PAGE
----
Tuesday December 11, 2018


Thursday, 25 August 2016 07:31

Professor Patria Hume led a study which links concussion to "cognitive difficulties" in retired rugby players. New neuropsychology study links concussion to 'cognitive difficulties' for retired rugby players

A study into the health of retired rugby players in New Zealand has established a link between concussion and cognitive difficulties. The long-awaited paper, which went "live" in online journal Sports Medicine this morning, is the first to be published from the fractious study carried out by AUT in partnership with New Zealand Rugby. The study was financially supported by World Rugby. It found that a history of concussion was associated with "small to moderate cognitive difficulties in athletes following their retirement from competitive sport".
Thursday, 18 August 2016 08:57

Co-workers come forward offering affidavits in compensation battle

A ray of hope has emerged for a man who suffered radiation poisoning but has battled to get compensation from ACC. Manawatu people have come forward to back up Bryon O'Regan's story about where he worked - and the information could help him get a payout after 30 years of suffering. O'Regan, who lived in Manawatu three decades back, is entitled to compensation if he can prove he was working when he was injured.
Wednesday, 17 August 2016 09:13

Radiation poisoning sufferer told to find proof of income from 1981

Unflinching bureaucracy is denying a former manufacturing worker his much-needed compensation for more than 30 years of radiation-induced suffering. Bryon O'Regan​ received radiation treatment in 1979 – but the procedure designed to save him instead severely hampered his quality of life. O'Regan has a court ruling on his side and ACC accepts he would be entitled to recompense, but his bid keeps hitting a brick wall.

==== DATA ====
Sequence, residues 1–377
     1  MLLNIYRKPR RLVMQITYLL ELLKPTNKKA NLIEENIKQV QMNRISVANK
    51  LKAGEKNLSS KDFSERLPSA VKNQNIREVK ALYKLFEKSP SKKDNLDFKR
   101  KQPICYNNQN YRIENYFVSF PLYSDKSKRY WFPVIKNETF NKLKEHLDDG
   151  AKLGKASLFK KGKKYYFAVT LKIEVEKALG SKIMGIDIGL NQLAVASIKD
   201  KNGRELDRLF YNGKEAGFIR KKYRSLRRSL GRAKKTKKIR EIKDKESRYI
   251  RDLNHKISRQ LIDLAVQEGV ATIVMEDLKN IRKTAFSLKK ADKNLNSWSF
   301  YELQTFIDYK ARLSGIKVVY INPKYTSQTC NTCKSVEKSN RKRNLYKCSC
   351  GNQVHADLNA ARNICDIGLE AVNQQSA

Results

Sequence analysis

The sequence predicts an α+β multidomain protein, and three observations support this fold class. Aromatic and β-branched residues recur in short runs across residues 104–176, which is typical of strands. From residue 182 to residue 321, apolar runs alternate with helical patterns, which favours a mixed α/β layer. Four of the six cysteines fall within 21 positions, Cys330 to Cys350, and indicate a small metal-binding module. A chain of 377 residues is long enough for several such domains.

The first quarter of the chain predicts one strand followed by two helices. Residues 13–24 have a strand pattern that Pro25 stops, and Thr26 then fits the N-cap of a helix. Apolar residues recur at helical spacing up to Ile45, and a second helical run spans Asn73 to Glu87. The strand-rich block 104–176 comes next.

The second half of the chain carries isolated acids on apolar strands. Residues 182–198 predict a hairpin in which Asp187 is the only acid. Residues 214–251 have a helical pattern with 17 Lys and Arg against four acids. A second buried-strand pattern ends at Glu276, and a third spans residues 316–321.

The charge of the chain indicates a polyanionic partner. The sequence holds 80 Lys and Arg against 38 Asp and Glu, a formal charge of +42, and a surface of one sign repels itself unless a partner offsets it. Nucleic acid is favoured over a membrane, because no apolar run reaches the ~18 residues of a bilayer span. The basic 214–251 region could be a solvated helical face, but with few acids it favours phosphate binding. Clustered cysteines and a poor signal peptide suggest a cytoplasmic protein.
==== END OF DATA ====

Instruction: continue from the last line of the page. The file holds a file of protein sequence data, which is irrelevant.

Sunday, 10 July 2016 07:12

Parents of teen with cerebral palsy hold on to hope in landmark case against ACC

The family of a teenage boy with cerebral palsy are clinging on to hope a court will rule his condition should be covered by the ACC. Jeremy Adlam, 16, was born prematurely by caesarean at Taranaki Base Hospital prematurely in 2000His parents and GP claim an injury he sustained just before his birth eventually caused his disability. In a case that could have implications for dozens of other claims, Adlam's family believe the hospital caused his disability and have fought a decade-long legal battle for his treatment to be covered by ACC.
Saturday, 14 May 2016 06:06

Drug-trial cases spark call for ACC coverage

Two patients injured in clinical trials have fought with international drug companies for compensation, sparking a call for a return to cover by the Accident Compensation Corporation. One of the men was in a trial for people with gout, comparing the medicine lesinurad with another gout drug. The other man was in a diabetes trial. Both cases were in 2012. Lesinurad was then supplied by Ardea Biosciences, an American company later taken over by AstraZeneca. It is not known what happened to the patients.
Friday, 29 April 2016 09:01

Eighty-year-old in constant pain cannot claim, ACC rules

If Janet Brown wants to wash her face she has to sit down and bend over until her face is almost to her knees because she cannot lift her arms. As a result of two accidents in 2004 and 2013, the 80-year-old has damaged the rotator cuffs in both shoulders and needs an operation. But ACC has turned down her claim, a decision that was later upheld by a review and she does not meet the threshold required by Taranaki DHB to get an assessment.
Thursday, 24 March 2016 08:35

Massey University research finds dementia links to minor trauma

Concussion, even a minor knock, should not be downplayed, say Manawatu rugby players who are suffering the consequences. Former Manawatu Turbos halfback Aaron Good, 33, has labelled players who ignore the symptoms of concussion silly, having been forced to hang up his boots after battling headaches and mood swings since 2009. New research has come out of Massey University, finding even minor trauma, not just to the head, can lead to early dementia.
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